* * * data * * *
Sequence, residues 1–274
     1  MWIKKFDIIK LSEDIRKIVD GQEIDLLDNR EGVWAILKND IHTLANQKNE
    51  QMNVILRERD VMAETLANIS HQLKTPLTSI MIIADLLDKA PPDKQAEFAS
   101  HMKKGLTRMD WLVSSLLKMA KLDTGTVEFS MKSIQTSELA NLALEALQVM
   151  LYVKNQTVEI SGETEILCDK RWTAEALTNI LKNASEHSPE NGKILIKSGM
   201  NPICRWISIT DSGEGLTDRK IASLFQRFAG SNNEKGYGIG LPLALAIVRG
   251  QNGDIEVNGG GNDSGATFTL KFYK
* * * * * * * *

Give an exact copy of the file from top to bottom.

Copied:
Sequence, residues 1–274
     1  MWIKKFDIIK LSEDIRKIVD GQEIDLLDNR EGVWAILKND IHTLANQKNE
    51  QMNVILRERD VMAETLANIS HQLKTPLTSI MIIADLLDKA PPDKQAEFAS
   101  HMKKGLTRMD WLVSSLLKMA KLDTGTVEFS MKSIQTSELA NLALEALQVM
   151  LYVKNQTVEI SGETEILCDK RWTAEALTNI LKNASEHSPE NGKILIKSGM
   201  NPICRWISIT DSGEGLTDRK IASLFQRFAG SNNEKGYGIG LPLALAIVRG
   251  QNGDIEVNGG GNDSGATFTL KFYK